This is the time of year when the seasons of garden experiments with xeric and hardy perennials and avoidance of garden chemicals begin to payoff. The many birds, and butterflies and, within the span of ten minutes, bumble bees and a hummingbird sipping on my Nepeta "Walker's Low" Catmint.
Night #85 in my Oda
After a glorious night of sleeping to the rushing Rock Creek just outside my camper window, the blue skies and the Beartooth Pass beckoned...a few skiers jumped into the back of the truck to return to the top of the snow fields ...their faces glowing with excitement in the sun... at the MT/WYO line (as far as we could go) the snow pure and brilliant after recent snowfall, no sign of the pink algae that blooms on it later in the summer.... and then down to Silver Run where I was treated to blooming pasque flowers, which, for several years, I have missed.
Night # 84 in “Oda”, my T@B camper
Thursday at Hogan and Luce Lakes in Wyoming. I come for the bird song, the wildflowers and the expansive views. Steve for the fishing. We both relish strolling lakeside after the sun sets behind the Absarokas, the primroses glowing like moonlight, a pair of osprey fishing from the tree in front of us, waiting for the stars to come out, so many stars to see, without any visible human caused light.
Dinner tonight - wild morels and asparagus courtesy of my hunter-gatherer husband! Using local honey and tarragon, thyme and mint from my garden tonight.
Voluptuous lilacs from my yard - brought in before another round of cold, wetness - fill vases and spread their scent across my home.
A 24 hour respite ... snow crystals slowly melt ... my sundry tensions, built up over this long, long winter, release and join the downstream flow... frozen barriers to my favorite mountain waterfalls, creeks, lakes and vistas continue to recede under the longer days of warm, brilliant skies ... I breathe in the spring and light and lightness... I smile and anticipate my sweet reunions with these high altitude havens which feed my soul
On this Spring Equinox, I walk while listening to Louise Erdrich’s “Plague of Doves,” in which she describes, and I experience, the snow giving way, unveiling the blond grasses and black branches under blue skies. I am grateful for the warmth and expansive views and promise of wildflowers.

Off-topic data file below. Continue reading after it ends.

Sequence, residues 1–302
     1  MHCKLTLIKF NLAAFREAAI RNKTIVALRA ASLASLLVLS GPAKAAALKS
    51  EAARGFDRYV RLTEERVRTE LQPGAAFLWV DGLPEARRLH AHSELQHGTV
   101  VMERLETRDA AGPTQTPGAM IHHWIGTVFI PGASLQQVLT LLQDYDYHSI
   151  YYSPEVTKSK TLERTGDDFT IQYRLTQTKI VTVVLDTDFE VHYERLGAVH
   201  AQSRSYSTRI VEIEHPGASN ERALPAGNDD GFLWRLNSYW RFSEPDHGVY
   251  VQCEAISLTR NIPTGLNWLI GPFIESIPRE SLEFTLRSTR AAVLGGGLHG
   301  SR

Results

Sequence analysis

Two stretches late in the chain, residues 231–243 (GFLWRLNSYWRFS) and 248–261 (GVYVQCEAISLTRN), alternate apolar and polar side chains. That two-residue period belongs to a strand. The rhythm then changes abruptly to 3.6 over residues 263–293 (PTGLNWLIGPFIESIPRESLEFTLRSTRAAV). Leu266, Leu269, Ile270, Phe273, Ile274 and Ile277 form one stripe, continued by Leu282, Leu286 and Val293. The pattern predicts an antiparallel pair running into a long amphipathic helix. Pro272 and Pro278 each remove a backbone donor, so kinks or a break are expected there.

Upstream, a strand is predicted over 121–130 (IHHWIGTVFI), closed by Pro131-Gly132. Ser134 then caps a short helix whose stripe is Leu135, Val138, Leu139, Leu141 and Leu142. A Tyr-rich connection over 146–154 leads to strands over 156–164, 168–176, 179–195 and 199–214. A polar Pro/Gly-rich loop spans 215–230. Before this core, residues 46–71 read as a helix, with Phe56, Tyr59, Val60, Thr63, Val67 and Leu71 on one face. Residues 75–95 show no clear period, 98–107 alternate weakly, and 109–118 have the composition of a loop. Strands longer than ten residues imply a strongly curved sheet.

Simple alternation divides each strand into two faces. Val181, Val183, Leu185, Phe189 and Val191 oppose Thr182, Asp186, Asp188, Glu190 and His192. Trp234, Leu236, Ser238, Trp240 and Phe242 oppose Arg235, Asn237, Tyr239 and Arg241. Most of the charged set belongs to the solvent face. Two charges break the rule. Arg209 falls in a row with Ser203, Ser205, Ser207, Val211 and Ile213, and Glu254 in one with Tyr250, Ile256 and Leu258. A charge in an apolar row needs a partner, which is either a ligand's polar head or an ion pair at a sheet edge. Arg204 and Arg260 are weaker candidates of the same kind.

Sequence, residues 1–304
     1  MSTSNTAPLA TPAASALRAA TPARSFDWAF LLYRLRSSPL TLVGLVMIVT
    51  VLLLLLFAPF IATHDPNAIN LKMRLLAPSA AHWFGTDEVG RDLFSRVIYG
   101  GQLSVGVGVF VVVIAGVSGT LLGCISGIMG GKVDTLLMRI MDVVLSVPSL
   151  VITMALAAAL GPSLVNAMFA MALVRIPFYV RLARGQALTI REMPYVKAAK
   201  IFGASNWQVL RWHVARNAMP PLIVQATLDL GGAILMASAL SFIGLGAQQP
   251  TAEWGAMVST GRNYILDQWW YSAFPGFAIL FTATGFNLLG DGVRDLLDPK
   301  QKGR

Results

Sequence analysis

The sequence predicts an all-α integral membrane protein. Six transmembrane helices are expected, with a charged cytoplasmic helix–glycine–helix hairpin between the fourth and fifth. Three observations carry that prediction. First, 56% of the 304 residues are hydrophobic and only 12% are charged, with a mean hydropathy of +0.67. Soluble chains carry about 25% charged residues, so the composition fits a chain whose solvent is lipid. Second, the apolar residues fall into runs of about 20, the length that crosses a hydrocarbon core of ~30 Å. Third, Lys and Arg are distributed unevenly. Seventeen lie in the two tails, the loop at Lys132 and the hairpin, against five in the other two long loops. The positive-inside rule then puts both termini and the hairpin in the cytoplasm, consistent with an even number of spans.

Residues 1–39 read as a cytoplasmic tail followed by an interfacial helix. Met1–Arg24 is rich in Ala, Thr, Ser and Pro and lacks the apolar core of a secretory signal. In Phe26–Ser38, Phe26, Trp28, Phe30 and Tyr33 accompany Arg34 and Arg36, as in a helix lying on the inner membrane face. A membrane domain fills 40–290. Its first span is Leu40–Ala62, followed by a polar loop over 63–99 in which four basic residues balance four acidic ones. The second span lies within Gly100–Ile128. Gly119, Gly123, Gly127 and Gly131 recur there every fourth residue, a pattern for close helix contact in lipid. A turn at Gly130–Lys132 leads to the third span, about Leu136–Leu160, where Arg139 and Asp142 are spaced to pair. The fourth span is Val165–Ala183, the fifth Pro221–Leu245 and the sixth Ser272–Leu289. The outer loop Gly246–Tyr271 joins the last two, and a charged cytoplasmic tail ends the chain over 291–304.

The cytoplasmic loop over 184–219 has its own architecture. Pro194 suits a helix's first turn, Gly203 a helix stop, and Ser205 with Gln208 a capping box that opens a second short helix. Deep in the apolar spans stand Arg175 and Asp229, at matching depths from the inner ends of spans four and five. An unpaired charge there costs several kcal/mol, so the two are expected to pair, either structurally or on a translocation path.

Finally. A ski day. Powder. Cloud shadows dancing on the flats beyond the Palisades. Bits of sunshine and skiing in clouds making more powder.
A week and a half ago, I was asked to step in to teach a gallery professional practices course and run the university gallery for a friend and professor who is on leave. I had a shell of a syllabus, but needed more content. I reached out to my colleagues at Tfap At Rutgers (The Feminist Art Project), Northern California Women's Caucus for Art (NCWCA)and the staff at MSU Billings Art Department. My inbox was soon flooded with encouragement, and resources and articles and books and syllabi. During the same time frame, we installed Jennifer French's beautiful and haunting exhibition in the gallery and put on a successful opening reception. My student gallery assistants were/are so professional and smart and helpful and intuitive. This generosity of human spirit supported me as I navigated the last minute unknowns. In particular, I am grateful to Karen Gutfreund, Priscilla Otani, Patricia Vettel-Becker, Jodi Lightner, Keeara Rhoades, Rachel Epp Buller, Morgan Syring, Terri Porta, Angel Shandy. Mara Pierce, Mark Earnhardt, Rebecca Summers, Nancy Zastudil, Anne Swartz, Brenda Oelbaum, Valerie Garlick, and Elizabeth Bilyeu, Aaron Rosen, Patrick Williams and our Master of Flowers Paul Rudolph. These are the places where the world is so good.
My beautiful daughter-in-law's beautiful violin with her beautiful harpist friend Elizabeth Steiner
Vaughan Williams- Lark Ascending Arr. Violin + Harp
A place to decant my brain, to capture inspiration and share fresh insights. [Posts from 2015 onward]